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Design4Science

Design4Science

Research output: Non-textual formExhibition

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Original languageEnglish
Publication date2006
StatePublished

Abstract

There is a great deal of interest in the interface between art & science. Existing sci/art projects tend to focus on the role of the artist in communicating scientific discoveries. Work in this exhibition was developed as part of ‘Pulse the stuff of life’ (40% authorship) the aim of which was to achieve a greater level of depth through developing a practice-based method for reconnecting the epistemologies of craft and science (i.e. ‘embodied’ craft and ‘mentalist’ science) in a new collaborative epistemology. Craft intelligence and rapid prototyping have been critical tools in working towards this. Raw protein data was provided by the Medical Research Council in Cambridge and utilising software created by the Milwaulkee School of Engineering some of the first 3D rapid prototyped models of proteins in the UK were created. Through the use of rapid prototyping, structural elements such as strands and helixes were isolated and rearranged to create new and original jewellery artefacts mirroring the way in which proteins are formed within nature. Interacting with protein forms in this novel physical manner has re-introduced an experiential dimension in science that was previously missing. Design4Science exhibition venues: Manchester Museum of Science and Technology (12 November – 21 December); Nobel Museum, Stockholm (16 January - 14 March 2008); Cambridge Science Festival (27 March – 30 April 2008). Selected work from ‘Pulse the stuff of life’ received critical acclaim as evidenced by its inclusion in exhibitions and events in Birmingham Institute of Art & Design 13th - 16th September 2006, Ars Ornata Europeana Conference Inside/Out Manchester July 2007 One piece of jewellery has also been part of the International Schmuck Origin Touring Exhibition. The new methods in this project have also created demands for further collaboration from Edinburgh University and UCLA, USA. Evidence: Exhibition Catalogue and portfolio of supporting evidence.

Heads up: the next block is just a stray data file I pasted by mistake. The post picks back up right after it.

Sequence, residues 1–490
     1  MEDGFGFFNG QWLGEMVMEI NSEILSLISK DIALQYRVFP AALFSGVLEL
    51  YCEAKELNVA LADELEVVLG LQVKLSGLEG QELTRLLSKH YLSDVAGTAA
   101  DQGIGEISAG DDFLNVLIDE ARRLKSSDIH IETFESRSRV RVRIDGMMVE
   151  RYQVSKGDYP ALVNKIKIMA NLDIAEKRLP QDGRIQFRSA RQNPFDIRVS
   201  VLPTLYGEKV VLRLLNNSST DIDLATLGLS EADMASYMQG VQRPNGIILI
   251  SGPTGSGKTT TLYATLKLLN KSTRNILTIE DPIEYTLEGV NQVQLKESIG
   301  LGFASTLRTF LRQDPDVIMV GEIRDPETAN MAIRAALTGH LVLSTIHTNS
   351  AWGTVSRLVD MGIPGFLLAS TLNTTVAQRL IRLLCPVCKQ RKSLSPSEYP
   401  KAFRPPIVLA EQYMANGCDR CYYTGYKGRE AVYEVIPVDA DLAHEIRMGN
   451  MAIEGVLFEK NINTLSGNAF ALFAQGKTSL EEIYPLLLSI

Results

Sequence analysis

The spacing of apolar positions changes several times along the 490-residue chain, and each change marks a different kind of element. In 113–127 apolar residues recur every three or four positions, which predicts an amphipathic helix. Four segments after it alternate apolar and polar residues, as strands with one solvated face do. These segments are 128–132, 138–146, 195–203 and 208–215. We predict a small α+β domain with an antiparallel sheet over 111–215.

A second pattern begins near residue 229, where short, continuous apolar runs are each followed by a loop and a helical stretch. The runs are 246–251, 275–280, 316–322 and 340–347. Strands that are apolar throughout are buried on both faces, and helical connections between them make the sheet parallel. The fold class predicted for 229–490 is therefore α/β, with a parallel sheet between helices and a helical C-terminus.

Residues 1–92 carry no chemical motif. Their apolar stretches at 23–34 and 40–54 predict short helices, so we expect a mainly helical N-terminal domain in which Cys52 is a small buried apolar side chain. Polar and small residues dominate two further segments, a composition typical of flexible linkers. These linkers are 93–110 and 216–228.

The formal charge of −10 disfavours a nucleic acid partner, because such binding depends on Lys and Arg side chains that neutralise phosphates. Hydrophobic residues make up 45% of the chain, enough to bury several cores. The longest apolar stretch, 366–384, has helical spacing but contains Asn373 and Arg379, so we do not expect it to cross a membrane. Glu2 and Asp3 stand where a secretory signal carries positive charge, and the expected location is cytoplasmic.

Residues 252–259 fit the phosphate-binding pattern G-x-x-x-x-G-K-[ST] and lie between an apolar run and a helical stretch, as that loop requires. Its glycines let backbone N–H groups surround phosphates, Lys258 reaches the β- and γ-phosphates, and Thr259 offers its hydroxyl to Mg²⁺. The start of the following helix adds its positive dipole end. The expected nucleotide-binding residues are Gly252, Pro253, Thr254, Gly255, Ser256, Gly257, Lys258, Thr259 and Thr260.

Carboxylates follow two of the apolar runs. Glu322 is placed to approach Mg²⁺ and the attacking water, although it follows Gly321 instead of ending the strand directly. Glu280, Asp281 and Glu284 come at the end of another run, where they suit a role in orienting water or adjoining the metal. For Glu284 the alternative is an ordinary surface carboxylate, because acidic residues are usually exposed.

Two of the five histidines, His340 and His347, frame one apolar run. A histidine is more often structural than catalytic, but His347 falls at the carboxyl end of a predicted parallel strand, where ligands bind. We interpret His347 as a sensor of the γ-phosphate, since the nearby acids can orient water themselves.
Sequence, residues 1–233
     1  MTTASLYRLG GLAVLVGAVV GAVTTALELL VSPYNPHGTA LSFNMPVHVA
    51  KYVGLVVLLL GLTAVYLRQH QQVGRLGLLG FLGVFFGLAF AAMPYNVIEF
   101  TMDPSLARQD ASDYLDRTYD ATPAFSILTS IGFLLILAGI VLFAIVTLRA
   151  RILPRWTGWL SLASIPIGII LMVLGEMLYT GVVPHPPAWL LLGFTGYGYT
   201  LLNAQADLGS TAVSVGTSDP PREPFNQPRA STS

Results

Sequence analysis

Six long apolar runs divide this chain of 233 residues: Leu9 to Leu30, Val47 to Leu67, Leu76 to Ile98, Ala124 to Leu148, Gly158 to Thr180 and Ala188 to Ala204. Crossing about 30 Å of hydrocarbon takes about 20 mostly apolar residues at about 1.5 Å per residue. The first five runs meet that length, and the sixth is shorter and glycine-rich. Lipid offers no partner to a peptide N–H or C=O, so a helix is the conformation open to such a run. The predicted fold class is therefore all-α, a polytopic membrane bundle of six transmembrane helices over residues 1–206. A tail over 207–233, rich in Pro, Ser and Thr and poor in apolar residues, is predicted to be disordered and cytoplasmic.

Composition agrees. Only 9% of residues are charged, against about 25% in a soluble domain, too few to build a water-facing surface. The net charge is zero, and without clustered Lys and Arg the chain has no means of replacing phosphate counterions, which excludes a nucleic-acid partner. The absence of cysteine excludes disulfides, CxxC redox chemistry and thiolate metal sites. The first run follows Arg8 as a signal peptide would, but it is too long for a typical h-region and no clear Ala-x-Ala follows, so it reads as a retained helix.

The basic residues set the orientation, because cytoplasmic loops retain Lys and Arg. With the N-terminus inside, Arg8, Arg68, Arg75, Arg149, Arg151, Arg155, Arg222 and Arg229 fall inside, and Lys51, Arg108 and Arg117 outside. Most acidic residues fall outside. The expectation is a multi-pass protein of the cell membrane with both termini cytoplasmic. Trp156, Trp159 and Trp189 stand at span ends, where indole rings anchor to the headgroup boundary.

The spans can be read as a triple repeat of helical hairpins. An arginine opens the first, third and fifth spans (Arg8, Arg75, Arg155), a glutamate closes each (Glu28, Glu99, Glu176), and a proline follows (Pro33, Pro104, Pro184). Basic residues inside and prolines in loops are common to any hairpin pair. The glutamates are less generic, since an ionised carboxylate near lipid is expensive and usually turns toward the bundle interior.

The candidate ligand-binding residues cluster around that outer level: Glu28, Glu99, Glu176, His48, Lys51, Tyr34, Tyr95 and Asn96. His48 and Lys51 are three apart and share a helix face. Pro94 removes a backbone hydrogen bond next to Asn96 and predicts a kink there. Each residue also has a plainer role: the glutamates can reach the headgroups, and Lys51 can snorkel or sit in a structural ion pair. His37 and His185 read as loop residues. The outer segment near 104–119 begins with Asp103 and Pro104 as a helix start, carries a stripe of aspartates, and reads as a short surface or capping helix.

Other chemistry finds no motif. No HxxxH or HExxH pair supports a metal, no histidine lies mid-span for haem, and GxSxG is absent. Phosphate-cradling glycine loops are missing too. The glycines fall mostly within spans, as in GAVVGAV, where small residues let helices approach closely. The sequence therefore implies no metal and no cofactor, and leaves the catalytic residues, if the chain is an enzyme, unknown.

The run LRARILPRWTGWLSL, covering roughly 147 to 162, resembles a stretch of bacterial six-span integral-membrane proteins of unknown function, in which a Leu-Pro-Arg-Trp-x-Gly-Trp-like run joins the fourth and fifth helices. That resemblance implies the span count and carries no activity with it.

5 pieces approximately 83 x 37 m each

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